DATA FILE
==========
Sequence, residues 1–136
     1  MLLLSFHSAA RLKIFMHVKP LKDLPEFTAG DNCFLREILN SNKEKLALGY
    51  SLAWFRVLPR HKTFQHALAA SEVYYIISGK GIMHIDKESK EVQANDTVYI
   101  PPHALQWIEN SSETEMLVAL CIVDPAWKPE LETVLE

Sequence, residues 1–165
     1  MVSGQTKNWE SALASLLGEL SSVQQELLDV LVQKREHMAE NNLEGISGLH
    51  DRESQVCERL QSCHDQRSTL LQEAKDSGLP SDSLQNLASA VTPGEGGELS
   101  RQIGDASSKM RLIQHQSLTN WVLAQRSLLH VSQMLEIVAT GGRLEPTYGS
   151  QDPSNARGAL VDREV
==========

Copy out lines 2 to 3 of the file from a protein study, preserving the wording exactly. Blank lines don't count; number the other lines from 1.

     1  MLLLSFHSAA RLKIFMHVKP LKDLPEFTAG DNCFLREILN SNKEKLALGY
    51  SLAWFRVLPR HKTFQHALAA SEVYYIISGK GIMHIDKESK EVQANDTVYI